Happiness is not dependent on the approval of others. It took me a lifetime to learn that. I don’t know why it was hard for me, but for whatever reason, that seemed to be one of the hardest things in my life to learn.
As most children, I wanted my parents to approve of my decisions. They usually did, until I married my husband. They eventually came around, but I’m not sure until the day they died they ever really understood our marriage. Since they were married 43 years prior to my Dad’s death, and my husband and I will be married 41 years in December, I think we’ve done a pretty good job. I sometimes wonder if they are on the other side of the veil shaking their heads and saying, “I would never have believed it.”
My whole quest for approval of others was made much more complicated by the fact that I’m independent to the core. I do things my own way and in my own time. Right or wrong, my decisions have been and will continue to be my own—yet, until about five years ago, it irritated me when others did not understand or did not approve of my choices. It took me way too long to figure out that I don’t need that head nod from those who have no clue what my life is about.
There may be many things about life that are beyond your control. But in the end, you have the power to choose both your destination and many of your experiences along the way (President Dieter F. Uchtdorf, “Three Sisters,” Oct. 2017 General Conference).
President Uchtdorf then went on to paraphrase the following quote:
It is our choices that show what we truly are, far more than our abilities (J.K. Rowling, Harry Potter and the Chamber of Secrets, as quoted by Pegasus, “The Most Interesting Book Quotes of All Times”).
The statement that I have the power to choose not only my destination but the experiences that lead me to that destination struck me like lightning when I heard it. No one else has the power but me. I knew that, of course. I’ve always understood agency but hearing it expressed that way pierced my soul.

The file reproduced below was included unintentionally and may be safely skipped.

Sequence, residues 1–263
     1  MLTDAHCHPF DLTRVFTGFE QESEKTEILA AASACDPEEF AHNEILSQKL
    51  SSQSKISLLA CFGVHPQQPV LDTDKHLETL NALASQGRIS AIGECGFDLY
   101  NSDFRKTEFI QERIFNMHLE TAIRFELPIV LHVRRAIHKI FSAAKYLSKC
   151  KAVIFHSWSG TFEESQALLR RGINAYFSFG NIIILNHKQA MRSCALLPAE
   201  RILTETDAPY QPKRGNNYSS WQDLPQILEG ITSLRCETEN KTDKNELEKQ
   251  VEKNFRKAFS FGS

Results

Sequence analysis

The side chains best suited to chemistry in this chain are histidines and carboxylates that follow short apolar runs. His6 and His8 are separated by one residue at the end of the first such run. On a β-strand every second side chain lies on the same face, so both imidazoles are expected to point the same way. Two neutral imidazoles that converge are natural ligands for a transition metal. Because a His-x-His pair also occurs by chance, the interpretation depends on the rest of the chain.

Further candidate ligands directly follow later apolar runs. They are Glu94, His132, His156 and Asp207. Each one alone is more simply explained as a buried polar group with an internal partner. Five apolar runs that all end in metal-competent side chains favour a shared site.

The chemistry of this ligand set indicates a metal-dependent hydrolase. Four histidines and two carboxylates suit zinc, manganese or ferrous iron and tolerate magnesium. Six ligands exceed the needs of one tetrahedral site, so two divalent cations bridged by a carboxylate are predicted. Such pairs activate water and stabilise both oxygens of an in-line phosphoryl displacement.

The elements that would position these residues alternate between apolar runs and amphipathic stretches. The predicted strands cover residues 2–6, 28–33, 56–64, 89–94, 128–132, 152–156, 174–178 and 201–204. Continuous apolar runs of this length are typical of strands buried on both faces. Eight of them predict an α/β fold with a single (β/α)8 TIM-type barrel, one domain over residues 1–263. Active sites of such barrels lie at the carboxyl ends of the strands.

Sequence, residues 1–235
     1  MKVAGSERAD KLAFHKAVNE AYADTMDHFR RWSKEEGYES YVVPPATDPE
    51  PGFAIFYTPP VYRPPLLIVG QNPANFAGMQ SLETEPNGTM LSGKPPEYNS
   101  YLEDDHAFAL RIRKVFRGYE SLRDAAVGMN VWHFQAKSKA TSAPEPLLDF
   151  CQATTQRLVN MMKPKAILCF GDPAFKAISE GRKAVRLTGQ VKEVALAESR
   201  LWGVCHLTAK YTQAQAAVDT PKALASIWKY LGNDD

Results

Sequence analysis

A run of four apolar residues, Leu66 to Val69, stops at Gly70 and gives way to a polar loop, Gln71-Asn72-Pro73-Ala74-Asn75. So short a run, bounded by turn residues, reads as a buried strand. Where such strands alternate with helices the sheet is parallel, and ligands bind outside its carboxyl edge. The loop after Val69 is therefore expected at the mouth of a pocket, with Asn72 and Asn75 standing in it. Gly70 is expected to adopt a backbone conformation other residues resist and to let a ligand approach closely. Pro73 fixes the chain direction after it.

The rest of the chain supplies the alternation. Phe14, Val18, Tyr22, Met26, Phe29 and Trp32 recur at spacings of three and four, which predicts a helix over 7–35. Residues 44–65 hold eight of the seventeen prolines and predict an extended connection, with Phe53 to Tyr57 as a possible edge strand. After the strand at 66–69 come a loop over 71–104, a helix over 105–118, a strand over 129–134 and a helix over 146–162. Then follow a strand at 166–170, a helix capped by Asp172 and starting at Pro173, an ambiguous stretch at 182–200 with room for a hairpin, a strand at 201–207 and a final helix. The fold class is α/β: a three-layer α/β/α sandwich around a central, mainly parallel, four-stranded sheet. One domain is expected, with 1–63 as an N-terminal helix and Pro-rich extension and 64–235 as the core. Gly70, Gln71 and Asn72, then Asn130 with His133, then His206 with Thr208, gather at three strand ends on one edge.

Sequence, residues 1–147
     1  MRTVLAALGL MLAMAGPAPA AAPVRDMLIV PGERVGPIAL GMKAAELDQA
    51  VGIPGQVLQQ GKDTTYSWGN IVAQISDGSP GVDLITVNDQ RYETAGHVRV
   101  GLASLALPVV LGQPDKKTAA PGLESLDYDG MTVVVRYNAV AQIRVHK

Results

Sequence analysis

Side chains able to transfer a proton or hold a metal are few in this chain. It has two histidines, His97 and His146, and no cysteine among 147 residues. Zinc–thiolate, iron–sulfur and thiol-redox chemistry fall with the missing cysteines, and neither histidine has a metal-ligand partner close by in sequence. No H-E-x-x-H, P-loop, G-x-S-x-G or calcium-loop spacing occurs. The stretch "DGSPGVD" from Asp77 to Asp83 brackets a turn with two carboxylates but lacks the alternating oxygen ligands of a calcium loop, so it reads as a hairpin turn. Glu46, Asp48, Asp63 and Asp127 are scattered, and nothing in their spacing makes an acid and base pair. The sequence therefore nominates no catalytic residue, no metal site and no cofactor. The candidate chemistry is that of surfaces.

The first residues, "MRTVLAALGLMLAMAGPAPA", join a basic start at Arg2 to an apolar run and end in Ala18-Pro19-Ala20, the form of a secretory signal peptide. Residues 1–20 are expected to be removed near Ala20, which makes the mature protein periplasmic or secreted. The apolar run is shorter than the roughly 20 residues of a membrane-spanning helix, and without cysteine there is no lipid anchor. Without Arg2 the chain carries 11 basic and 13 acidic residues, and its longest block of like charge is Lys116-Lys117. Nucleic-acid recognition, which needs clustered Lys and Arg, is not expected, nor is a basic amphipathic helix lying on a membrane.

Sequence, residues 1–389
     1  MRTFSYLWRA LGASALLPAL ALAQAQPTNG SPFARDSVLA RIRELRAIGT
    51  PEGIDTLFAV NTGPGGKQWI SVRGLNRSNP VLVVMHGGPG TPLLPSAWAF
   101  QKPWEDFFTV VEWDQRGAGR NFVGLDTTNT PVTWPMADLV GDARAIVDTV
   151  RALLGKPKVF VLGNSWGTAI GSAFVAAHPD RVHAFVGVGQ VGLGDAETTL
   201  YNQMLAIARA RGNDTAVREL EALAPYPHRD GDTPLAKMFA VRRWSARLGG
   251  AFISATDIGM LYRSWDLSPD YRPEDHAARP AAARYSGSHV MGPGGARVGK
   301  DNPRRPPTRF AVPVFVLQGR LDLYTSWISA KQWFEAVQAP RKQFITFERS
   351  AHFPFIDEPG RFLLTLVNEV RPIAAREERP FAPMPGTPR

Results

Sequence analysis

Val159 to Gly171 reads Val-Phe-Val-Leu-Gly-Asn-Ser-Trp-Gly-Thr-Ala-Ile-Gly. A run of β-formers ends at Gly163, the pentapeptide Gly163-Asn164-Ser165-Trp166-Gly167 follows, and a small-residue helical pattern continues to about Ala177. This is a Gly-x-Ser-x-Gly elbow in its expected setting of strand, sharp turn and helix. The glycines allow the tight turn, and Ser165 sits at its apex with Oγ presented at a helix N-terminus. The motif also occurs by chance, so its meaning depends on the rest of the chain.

By feeling guilty that my choices aren’t accepted by others, or by mourning the fact that my intents are misunderstood, I surrender my own agency. Even though I’ve always made my own choices, I’ve still surrendered my agency by the guilt and mourning. I’ve surrendered just a little slice of the happiness that my choices give me.
My motives have been misunderstood more times than I can count. I’ve been judged as being hard as a rock and set in my ways. The word stubborn has been attached to my name like glue. I’ve been told I have a hard shell. From the outside, I’m sure all of that appears to be true, but it’s really just that I refuse to surrender my agency and let others make my choices for me. Ironic that for many years I made those choices and then surrendered just a slice of that same agency to the lack of approval of others.
I’ve had a very happy life, but that happiness is even more profound now that I refuse to surrender that tiny slice of agency. Maybe it’s age; maybe it’s not, but what others think just doesn’t matter to me anymore. I’ll stand behind my decisions in a heartbeat—even the bad ones. That’s what life is all about—finding your way, being tested, making mistakes, and repenting. Wash, rinse, repeat.
President Uchtdorf talks about living joyfully, and that none of us goes through life unopposed. (Id.) Surrendering that tiny piece of agency takes away just a tad of happiness. I’m not ready to give away anything because “men are, that they might have joy.” (2 Nephi 2:25) So, it’s not only my right to be joyful; but my responsibility.
Looking at the J.K. Rowling quote above, our choices show what we truly are. Looking back at my life, most of those choices were well worth making—even if not approved by others. There are some that I would gladly opt for a “do over,” but on the whole, I’m pretty happy with how things have turned out. In the end, I have a happy marriage, four good adult children, and grandchildren who are being taught the gospel by their parents.
My kids have all served missions and married in the temple. While we have struggles and trials like every other family, and while whether we like each other depends on what day we are talking about, we all love each other and are striving to become an eternal family.
So, I may have taken the long way around. I may have made mistakes and had to repent along the way. I may have even banged my head against the wall on a few occasions out of frustration. I’ve struggled, but it has been my own life independent of the interference of others.
I want to endure to the end. I want to be able to say to the Savior, “You know, I messed up sometimes, but I really tried hard. Here is my life, and it is Yours. I did my best to be a good person. I did it on my own. I didn’t cheat. I didn’t live someone else’s choices; I made my own.”
Tudie Rose is a mother of four and grandmother of ten in Sacramento, California. You can find her on Twitter as @TudieRose. She blogs as Tudie Rose at http://potrackrose.wordpress.com. She has written articles for Familius. You will find a Tudie Rose essay in Lessons from My Parents, Michele Robbins, Familius 2013, at http://www.familius.com/lessons-from-my-parents.